Persona 2: Innocent Sin – 7 Grand Dads (fused at the hip)

After stocking up our items for the final charge, we returned to Xibalba. The demons get more powerful from this point on, but they still weren’t a match for our overpowered spells. Unfortunately, the mazes also got harder and longer, with damage squares to boot. Our first flashback in the latter half of the dungeon saw us in the past, with Big Sis looking after Jun while they wait for someone to pick him up. They talk, and it’s clear that Jun doesn’t like his mother for some reason, but they’re interrupted by the arrival of a man who resembles Jun’s “father” from the present day, just a little less tidy. The man tries to introduce himself, but Jun interrupts him, telling Big Sis that this is actually his “uncle,” which the downtrodden man doesn’t confirm or deny. The present-day Jun once again keels over in pain as video game amnesiacs are wont to do, unsure of the facts of the matter. After the fact, Lisa notes that the “uncle” looks just like the clocktower ghost, and also that Jun’s father supposedly wrote In Lak’ech, and also that Ms. Ideal said the man who died in the clocktower wrote In Lak’ech. Kyle and I really appreciated that, since a lot of these details had been lost on us in the intervening months. In short: Jun’s real father was the teacher’s ghost from the clock tower.

In the next plot room, Maya finally starts to clue in to the nature of the dungeon, but doesn’t want to tell anyone in case that disrupts the process. A true scientist! She pounces on a minor discussion between Lisa and Michel, and asks Tatsuya (i.e. the player) to voice his support for one of the two: are the bad guys nearby, far away, or (in defiance of either perspective) somewhere in between? Your choice transforms the next stretch of the dungeon layout to match, but your party members still don’t recognize what’s going on, because they are walking bricks. Having learned from our experience with the mountain and the Jumping Geezer, we took the short route, since we now knew that it wouldn’t make much of a difference. If we had to go back to grind, a small space is just as viable as a large one!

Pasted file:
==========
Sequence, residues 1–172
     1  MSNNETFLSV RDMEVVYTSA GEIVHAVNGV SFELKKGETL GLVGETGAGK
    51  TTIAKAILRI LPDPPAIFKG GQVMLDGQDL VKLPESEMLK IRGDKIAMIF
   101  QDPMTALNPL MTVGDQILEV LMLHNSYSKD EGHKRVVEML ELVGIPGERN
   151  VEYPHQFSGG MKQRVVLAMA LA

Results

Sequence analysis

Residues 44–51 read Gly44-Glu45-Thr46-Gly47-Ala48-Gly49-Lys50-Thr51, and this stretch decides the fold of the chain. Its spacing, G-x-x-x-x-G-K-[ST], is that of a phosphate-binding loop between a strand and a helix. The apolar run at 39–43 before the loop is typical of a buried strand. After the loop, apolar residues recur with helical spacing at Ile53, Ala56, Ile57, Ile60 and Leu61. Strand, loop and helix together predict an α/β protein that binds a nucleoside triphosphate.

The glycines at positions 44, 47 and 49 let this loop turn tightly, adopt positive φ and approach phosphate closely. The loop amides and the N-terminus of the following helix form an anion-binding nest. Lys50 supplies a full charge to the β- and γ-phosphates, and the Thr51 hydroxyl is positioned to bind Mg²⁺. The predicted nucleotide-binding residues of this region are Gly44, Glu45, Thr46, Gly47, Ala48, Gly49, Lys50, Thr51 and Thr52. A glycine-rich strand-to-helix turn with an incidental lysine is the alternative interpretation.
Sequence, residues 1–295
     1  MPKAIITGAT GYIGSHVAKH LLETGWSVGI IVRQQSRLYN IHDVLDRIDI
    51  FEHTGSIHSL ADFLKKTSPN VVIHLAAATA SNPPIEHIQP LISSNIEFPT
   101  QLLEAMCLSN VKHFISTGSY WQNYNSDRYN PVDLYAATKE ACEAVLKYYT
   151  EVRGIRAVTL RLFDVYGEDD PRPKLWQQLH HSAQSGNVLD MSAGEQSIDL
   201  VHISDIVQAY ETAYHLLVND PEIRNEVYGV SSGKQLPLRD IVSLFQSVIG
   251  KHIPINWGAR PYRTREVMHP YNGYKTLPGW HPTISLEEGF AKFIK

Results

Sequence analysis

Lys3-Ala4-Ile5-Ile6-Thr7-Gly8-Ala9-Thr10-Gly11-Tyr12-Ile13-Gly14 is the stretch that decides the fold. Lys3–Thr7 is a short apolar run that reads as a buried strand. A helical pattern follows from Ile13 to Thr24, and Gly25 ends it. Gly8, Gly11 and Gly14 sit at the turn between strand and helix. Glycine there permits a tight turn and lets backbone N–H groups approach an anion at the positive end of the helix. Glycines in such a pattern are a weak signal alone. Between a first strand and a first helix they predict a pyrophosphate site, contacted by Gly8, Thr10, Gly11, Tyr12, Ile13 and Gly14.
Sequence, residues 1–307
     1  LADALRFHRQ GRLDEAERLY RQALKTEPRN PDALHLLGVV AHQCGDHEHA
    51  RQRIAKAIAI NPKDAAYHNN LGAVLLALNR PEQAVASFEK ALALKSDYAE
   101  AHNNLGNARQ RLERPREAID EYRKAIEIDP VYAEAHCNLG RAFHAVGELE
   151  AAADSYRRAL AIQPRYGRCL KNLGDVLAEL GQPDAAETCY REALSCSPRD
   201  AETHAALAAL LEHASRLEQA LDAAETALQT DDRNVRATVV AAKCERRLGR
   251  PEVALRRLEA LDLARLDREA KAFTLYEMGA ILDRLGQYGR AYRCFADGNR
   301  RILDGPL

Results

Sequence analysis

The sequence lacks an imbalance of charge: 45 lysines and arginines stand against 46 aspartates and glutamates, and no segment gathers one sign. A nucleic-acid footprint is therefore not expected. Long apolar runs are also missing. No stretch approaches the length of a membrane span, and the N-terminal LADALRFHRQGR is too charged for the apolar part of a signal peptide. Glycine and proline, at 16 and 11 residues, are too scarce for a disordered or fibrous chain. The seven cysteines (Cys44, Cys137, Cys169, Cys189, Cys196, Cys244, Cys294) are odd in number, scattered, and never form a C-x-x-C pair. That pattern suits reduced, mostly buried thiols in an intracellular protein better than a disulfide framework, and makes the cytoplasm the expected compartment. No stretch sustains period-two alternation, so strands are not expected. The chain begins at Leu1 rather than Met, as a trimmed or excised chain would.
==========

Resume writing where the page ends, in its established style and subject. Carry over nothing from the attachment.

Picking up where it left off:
At the end of this variant section, you run into all four survivors of the Longinus unit, including Longinus #1, their commander. Longinus #1 deduces that Maya knows how the dungeon works, although Maya will later confirm that she doesn’t know all the particulars. I understand the devs not giving her that kind of power, but it’s weird that she makes a fuss about not understanding the particulars, only for the game to… never explain them? It would have made sense if she works it out only at the end of the dungeon or so, when it would no longer help her or could only help in a limited manner! After a fake-out where it seems like you get to choose your fate in the upcoming fight (your choice actually has no impact), the four of them engage you. They were pretty tough, resisting or immune to a huge swath of elements. Thankfully, they were inconsistent about their resistances, so we pounded them with a mix of group spells and still ended up killing the three weaker soldiers around the same time. #1 and his boosted stats died only a few turns later. Curiously, Longinus #1 dies while taunting Jun about “where [his] mother has gone.”

We continued, and as we were going through the final dungeon, I remarked: “This game better end cooperatively or I’m going to be pissed. Like, if we lose because we didn’t get Chronos [Jun’s upgraded Persona] or something…” Kyle replied, “That shouldn’t happen,” to which I said: “A lot of things ‘shouldn’t have happened’ in Persona.”